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Molecular machines can be used to improve efficiency in everything from batteries to medicine. Photo: CC, Colinoob via Pixabay.

University of Ottawa makes strides in quantum chemistry research

The University of Ottawa’s Bryce Laboratory has made major headway in research that could revolutionize the administration of medicine. The Fulcrum spoke with Dr. David Bryce and research student Patrick Szell to find out more.

“The Bryce Lab has diverse research interests in solid-state nuclear magnetic resonance (NMR) spectroscopy, quantum chemistry, halogen bonding, mechanochemistry, and more,” said Bryce.

“We have designed and constructed some of our own equipment, which has bolstered our capabilities of creating materials featuring exotic characteristics,” explained Szell. “At the Bryce Lab, we have access to a unique combination of scientific instruments, including Canada’s strongest superconducting magnet dedicated to investigating solids.”

The team’s current project involves the study of electrophilic interactions in solids, including halogen bonding.

“By better understanding halogen bonds … not only do we gain a better picture of how these interactions behave at the atomic level, but we can also design new materials using various synthetic methods including mechanochemistry.” Bryce explained.

“In this work, we have shown for the first time that a special interaction with halogen atoms … can actually improve the performance of small molecular machines … (having) an impact on how molecules move, (and) not only on their static structures.”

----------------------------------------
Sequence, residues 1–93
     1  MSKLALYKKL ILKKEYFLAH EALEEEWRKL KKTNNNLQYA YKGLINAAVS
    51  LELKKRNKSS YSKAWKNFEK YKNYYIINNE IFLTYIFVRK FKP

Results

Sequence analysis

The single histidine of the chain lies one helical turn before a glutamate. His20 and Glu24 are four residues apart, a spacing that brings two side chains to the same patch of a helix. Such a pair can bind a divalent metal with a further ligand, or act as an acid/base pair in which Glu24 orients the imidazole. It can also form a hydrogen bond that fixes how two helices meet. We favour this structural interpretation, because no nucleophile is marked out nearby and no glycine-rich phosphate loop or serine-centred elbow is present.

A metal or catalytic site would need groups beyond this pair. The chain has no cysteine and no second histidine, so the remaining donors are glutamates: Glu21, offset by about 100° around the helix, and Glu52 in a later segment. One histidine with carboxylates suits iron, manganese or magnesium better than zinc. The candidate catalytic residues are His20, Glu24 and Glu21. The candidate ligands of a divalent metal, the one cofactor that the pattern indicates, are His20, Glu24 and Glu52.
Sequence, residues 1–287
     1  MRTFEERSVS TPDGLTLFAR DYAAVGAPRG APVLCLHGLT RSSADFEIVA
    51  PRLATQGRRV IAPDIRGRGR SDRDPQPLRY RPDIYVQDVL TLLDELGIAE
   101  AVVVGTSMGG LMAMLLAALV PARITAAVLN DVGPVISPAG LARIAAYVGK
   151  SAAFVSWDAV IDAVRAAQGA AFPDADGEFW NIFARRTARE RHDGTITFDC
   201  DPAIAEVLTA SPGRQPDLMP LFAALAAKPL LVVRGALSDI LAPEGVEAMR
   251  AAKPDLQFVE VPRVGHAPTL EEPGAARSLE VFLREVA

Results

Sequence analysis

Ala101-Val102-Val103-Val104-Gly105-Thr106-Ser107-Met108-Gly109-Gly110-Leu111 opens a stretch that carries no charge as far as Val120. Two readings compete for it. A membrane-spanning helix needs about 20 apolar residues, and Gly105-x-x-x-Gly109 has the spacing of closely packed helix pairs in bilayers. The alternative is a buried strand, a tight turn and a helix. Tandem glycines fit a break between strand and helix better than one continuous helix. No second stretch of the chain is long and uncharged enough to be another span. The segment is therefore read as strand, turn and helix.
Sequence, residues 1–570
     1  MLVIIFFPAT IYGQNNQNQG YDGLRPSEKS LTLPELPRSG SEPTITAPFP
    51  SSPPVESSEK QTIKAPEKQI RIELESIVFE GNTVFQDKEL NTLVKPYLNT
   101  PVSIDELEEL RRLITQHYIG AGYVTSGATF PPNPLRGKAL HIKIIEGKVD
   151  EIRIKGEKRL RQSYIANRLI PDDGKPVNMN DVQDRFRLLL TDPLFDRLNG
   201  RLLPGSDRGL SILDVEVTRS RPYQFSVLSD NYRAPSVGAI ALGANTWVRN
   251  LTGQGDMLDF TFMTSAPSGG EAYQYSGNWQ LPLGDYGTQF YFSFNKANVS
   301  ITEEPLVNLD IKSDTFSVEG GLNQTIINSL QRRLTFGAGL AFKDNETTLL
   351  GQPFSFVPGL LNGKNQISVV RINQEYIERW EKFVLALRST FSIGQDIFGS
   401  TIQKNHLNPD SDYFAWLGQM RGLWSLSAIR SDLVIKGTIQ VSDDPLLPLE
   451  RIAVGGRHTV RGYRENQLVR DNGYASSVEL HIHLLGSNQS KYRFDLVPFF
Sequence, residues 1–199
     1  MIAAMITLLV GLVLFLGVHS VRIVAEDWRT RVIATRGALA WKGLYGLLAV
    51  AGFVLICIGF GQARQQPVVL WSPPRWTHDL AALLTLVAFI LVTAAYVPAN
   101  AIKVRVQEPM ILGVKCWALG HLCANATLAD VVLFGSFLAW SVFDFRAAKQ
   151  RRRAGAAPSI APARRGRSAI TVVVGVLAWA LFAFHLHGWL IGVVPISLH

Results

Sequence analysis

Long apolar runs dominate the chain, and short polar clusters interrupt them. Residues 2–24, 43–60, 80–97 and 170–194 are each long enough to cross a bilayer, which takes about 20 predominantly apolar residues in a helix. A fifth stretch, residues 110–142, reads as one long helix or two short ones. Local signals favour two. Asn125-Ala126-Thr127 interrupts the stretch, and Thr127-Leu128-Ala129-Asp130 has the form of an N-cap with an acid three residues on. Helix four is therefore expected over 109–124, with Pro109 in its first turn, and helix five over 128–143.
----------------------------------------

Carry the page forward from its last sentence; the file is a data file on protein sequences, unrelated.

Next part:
Bryce explained that people often assume solids are static and unmoving despite their atoms actually moving constantly. Harnessing those rapid movements is key to building molecular machines.

“Molecular machines are exactly what they sound like: machines that do some sort of work, but at the length scale of molecules; (they) typically have moving parts which can potentially be harnessed to do some sort of task, like self-propulsion,” Bryce continued.

The team started off by developing a method called ‘cosublimation,’ implemented alongside mechanochemistry, to prepare a series of chemical cocrystals to create deuterium, a heavy isotope of hydrogen. They then outperformed their original technique when they came across halogen bonding.

“It is interesting because it was never considered possible that this halogen bonding interaction could influence the behaviour of molecular machines. The work opens up a whole new world parallel to ubiquitous hydrogen bonding,” said Bryce.

Szell anticipates that the team’s research ”will advance our understanding on the forces that hold molecules together, perhaps even leading to the rational design of materials for a desired application.”

“We have (already) discovered the indirect effect of the halogen bond on the dynamics, and we have developed synthetic methods for creating this emerging class of material at an accelerated rate while eliminating our environmental footprint.”

Bryce concluded by explaining how counterintuitive his lab’s work is.

“An analogy to our work would be the image of sticking a playing card in the spokes of a spinning bicycle wheel: we have shown that this actually facilitates the spinning of the wheel rather than slowing it down.”

Bryce said that the effect demonstrates how common assumptions in the physical world do not hold up at a molecular scale.  

More information on the project can be found on the Bryce Laboratory webpage or the University Research Information Homepage.